Martin Luther has given us several different ways to take the Lord’s Prayer to heart, including the Large and Small Catechisms as well as his booklet for Master Peter the Barber on A Simple Way to Pray. Here is one more example how Luther sought to bring an understanding of the Lord’s Prayer to the people as he used it in the Divine Service as found in his German Mass translated in the American edition of his works, vol. 53, p. 78.
After the sermon shall follow a public paraphrase of the Lord’s Prayer and admonition for those who want to partake of the sacrament, in this or a better fashion:
Friends in Christ: Since we are here assembled in the name of the Lord to receive his Holy Testament, I admonish you first of all to lift up your hearts to God to pray with me the Lord’s Prayer, as Christ our Lord has taught us and graciously promised to hear us.
That God, our Father in heaven, may look with mercy on us, his needy children on earth, and grant us grace so that his holy name be hallowed by us and all the world through the pure and true teaching of his Word and the fervent love of our lives; that he would graciously turn from us all false doctrine and evil living whereby his precious name is being blasphemed and profaned.
That his kingdom may come to us and expand; that all transgressors and they who are blinded and bound in the devil’s kingdom be brought to know Jesus Christ his Son by faith, and that the number of Christians may be increased.
That we may be strengthened by his Spirit to do and to suffer his will, both in life and in death, in good and in evil things, and always to break, slay, and sacrifice our own wills. That he would also give us our daily bread, preserve us from greed and selfish cares, and help us to trust that he will provide for all our needs.
That he would forgive our debts as we forgive our debtors so that our hearts may rest and rejoice in a good conscience before him, and that no sin may ever fright or alarm us.
That he would not lead us into temptation but help us by his Spirit to subdue the flesh, to despise the world and its ways, and to overcome the devil with all his wiles.
And lastly, that he would deliver us from all evil, both of body and soul, now and forever.
All those who earnestly desire these things will say from their very hearts: Amen, trusting without any doubt that it is Yea and answered in heaven as Christ has promised: Whatever you ask in prayer, believe that you shall receive it, and you will [Mark 11:24]. Amen.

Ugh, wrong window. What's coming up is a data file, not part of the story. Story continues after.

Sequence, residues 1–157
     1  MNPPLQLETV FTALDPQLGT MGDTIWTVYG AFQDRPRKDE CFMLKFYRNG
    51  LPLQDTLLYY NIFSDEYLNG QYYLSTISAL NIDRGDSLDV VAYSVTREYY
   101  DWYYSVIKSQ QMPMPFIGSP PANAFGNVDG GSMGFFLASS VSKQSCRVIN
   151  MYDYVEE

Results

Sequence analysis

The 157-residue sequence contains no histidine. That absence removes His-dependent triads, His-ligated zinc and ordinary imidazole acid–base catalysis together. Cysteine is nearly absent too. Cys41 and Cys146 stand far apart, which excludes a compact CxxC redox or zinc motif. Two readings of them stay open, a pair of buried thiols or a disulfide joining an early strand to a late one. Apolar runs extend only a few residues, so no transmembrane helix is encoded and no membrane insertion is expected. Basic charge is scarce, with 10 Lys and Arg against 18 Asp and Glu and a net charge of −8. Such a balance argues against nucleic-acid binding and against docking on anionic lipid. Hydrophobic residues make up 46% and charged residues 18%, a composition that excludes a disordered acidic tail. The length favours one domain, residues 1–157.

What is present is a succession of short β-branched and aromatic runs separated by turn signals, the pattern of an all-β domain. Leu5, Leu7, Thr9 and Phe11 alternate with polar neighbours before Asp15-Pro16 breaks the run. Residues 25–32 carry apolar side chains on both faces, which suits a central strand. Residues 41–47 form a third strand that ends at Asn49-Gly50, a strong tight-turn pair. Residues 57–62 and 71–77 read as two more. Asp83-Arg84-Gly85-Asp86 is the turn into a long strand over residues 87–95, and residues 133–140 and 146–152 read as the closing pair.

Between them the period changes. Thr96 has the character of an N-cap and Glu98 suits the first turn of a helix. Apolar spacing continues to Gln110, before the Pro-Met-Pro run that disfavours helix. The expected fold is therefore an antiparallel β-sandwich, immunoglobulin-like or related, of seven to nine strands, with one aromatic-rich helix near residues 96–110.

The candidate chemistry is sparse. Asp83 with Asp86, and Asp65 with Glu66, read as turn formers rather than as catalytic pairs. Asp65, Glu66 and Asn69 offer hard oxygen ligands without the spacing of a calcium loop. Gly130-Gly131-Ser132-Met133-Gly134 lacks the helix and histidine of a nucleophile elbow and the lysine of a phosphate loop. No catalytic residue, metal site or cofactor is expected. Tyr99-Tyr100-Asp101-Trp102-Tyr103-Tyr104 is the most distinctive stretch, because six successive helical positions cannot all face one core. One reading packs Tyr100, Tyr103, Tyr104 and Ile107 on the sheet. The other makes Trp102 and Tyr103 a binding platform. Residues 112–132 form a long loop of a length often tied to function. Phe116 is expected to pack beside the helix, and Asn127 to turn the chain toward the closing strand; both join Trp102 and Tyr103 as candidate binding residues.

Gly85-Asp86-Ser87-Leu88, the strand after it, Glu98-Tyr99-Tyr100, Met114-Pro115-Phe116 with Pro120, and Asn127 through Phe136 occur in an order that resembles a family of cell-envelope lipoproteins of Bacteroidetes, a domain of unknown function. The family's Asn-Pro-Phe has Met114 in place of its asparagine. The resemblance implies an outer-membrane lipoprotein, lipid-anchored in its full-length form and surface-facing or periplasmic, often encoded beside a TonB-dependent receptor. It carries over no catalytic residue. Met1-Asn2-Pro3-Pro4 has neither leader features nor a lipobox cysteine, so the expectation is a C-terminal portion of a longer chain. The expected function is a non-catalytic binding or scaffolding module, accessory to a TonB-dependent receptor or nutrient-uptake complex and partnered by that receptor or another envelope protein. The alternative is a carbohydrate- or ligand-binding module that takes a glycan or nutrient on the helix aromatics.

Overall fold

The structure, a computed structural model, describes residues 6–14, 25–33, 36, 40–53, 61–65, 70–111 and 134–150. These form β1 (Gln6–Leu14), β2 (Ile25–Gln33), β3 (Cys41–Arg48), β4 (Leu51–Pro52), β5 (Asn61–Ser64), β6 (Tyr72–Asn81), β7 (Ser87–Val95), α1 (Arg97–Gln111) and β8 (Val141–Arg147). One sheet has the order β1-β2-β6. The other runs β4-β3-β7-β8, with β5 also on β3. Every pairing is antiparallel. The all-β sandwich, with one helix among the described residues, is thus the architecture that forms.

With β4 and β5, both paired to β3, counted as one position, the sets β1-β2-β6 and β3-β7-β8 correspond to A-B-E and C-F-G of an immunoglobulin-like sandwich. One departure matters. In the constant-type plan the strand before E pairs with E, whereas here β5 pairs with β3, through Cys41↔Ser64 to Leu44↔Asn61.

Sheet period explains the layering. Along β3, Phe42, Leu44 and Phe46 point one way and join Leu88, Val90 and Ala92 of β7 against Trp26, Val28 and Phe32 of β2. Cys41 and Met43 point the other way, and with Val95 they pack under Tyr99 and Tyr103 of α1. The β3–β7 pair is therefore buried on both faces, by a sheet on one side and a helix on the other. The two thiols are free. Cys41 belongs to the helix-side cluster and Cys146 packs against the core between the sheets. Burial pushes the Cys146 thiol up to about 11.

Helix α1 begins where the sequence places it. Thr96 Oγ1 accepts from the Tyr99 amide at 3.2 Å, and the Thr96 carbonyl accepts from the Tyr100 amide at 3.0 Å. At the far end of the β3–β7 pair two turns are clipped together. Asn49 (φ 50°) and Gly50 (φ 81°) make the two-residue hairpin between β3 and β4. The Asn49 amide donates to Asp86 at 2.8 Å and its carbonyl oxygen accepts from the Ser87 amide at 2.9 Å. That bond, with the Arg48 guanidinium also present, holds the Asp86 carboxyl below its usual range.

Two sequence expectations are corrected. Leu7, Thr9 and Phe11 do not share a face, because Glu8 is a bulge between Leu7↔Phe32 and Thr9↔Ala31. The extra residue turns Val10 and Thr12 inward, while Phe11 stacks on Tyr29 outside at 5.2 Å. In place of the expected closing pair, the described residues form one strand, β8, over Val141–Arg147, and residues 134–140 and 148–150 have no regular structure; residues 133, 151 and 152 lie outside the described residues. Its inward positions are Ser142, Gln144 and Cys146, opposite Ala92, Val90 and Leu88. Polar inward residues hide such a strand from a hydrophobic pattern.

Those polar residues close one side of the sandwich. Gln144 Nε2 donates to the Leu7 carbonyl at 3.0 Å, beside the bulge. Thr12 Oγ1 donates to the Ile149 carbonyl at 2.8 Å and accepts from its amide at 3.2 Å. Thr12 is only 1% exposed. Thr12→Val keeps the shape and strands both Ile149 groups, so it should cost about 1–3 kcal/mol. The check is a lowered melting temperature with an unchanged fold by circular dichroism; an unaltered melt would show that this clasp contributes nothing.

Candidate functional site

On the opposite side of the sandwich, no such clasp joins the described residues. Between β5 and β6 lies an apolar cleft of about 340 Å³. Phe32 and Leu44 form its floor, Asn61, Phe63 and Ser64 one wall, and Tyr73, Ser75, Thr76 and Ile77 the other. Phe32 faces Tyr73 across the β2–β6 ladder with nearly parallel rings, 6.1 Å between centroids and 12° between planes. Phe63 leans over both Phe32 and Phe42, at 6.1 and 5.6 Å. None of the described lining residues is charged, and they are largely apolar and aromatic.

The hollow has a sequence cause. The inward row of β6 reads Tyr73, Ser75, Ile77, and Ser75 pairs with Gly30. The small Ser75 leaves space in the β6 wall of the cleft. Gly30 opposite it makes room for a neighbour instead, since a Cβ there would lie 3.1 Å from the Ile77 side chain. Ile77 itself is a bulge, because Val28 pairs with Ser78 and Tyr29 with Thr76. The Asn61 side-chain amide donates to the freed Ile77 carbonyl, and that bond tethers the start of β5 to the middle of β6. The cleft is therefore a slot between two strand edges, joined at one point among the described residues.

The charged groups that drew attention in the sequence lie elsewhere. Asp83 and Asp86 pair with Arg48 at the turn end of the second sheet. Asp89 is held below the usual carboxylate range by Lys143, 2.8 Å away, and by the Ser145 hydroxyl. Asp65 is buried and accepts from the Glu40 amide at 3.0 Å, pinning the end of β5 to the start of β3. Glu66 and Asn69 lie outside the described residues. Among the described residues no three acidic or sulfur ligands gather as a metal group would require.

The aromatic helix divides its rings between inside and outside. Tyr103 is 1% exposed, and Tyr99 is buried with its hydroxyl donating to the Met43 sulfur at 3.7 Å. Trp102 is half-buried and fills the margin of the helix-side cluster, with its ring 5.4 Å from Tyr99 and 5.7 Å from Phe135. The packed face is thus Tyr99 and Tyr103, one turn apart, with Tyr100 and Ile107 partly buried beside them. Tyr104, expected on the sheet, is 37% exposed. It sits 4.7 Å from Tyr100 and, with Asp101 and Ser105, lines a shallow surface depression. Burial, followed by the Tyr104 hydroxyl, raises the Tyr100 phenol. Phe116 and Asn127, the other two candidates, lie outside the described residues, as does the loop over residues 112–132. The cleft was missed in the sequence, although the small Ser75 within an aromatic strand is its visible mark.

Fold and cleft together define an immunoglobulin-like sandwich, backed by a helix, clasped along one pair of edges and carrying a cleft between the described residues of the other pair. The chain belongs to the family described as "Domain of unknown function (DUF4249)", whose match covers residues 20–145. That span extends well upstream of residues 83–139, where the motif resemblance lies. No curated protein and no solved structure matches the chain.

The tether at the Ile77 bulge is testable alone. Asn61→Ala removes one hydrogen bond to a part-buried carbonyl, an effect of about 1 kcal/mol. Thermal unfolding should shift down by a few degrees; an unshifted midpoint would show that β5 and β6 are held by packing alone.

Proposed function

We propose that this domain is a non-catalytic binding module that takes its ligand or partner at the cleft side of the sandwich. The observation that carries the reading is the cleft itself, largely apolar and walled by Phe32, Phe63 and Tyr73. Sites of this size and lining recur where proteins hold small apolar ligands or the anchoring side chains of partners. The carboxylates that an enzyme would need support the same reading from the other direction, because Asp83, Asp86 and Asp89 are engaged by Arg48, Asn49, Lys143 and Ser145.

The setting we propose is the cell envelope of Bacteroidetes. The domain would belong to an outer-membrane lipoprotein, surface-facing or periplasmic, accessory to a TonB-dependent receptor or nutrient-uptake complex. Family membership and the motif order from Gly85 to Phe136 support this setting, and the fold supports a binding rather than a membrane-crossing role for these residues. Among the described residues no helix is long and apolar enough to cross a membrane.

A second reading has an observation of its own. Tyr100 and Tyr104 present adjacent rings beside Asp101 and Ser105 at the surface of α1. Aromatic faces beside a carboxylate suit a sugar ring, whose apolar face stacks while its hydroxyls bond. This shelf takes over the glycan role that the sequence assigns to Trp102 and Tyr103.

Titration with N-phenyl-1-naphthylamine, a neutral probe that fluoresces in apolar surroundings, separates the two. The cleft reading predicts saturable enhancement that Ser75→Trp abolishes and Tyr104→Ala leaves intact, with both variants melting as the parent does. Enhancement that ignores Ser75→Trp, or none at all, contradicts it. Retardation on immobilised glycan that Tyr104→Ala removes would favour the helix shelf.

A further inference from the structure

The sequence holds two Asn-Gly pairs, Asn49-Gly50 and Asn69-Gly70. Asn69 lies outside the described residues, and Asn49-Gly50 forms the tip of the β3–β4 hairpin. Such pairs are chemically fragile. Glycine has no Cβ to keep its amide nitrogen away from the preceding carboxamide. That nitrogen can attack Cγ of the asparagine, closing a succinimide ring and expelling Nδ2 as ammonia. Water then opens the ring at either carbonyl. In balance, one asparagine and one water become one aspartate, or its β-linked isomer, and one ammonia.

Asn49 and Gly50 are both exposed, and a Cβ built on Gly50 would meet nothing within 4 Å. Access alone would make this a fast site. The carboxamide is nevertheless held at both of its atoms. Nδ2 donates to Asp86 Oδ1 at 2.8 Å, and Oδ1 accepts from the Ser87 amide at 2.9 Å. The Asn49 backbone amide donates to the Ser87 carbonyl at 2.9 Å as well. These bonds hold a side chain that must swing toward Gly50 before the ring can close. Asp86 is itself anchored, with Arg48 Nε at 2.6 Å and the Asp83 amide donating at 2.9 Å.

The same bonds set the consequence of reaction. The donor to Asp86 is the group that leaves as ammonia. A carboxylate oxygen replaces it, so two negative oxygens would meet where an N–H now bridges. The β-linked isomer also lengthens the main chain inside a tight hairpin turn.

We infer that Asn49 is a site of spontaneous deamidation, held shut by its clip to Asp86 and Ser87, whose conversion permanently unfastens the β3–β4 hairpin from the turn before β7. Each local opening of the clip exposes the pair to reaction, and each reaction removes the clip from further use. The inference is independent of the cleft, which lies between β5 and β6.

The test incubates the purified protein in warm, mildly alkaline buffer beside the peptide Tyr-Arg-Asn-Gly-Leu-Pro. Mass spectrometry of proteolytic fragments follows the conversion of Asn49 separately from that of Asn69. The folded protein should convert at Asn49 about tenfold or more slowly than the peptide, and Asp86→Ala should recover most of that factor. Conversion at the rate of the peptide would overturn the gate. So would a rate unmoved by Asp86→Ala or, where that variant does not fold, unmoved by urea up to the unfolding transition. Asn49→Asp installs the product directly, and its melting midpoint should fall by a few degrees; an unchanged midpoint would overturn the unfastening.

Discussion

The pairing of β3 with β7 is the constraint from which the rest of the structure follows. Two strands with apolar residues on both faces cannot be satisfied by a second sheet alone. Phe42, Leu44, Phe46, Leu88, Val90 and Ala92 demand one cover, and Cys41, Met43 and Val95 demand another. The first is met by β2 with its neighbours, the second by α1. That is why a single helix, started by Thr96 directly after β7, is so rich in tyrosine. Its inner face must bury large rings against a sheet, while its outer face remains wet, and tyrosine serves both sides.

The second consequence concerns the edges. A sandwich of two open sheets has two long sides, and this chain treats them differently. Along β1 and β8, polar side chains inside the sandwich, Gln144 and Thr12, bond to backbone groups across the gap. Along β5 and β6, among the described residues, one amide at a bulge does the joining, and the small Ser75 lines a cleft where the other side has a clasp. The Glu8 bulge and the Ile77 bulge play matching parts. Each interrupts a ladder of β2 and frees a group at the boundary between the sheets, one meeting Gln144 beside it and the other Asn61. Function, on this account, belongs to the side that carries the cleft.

Secondly, I admonish you in Christ that you discern the Testament of Christ in true faith and, above all, take to heart the words wherein Christ imparts to us his body and his blood for the remission of our sins. That you remember and give thanks for his boundless love which he proved to us when he redeemed us from God’s wrath, sin, death, and hell by his own blood. And that in this faith you externally receive the bread and wine, i.e., his body and his blood, as the pledge and guarantee of this. In his name therefore, and according to the command that he gave, let us use and receive the Testament.
Whether such paraphrase and admonition should be read in the pulpit immediately after the sermon or at the altar, I would leave to everyone’s judgment. It seems that the ancients did so in the pulpit, so that it is still the custom to read general prayers or to repeat the Lord’s Prayer in the pulpit. But the admonition itself has since become a public confession. In this way, however, the Lord’s Prayer together with a short exposition would be current among the people, and the Lord would be remembered, even as he commanded at the Supper.
I would, however, like to ask that this paraphrase or admonition follow a prescribed wording or be formulated in a definite manner for the sake of the common people. We cannot have one do it one way today, and another, another way tomorrow, and let everybody parade his talents and confuse the people so that they can neither learn nor retain anything. What chiefly matters is the teaching and guiding of the people. That is why here we must limit our freedom and keep to one form of paraphrase or admonition, particularly in a given church or congregation — if for the sake of freedom it does not wish to use another.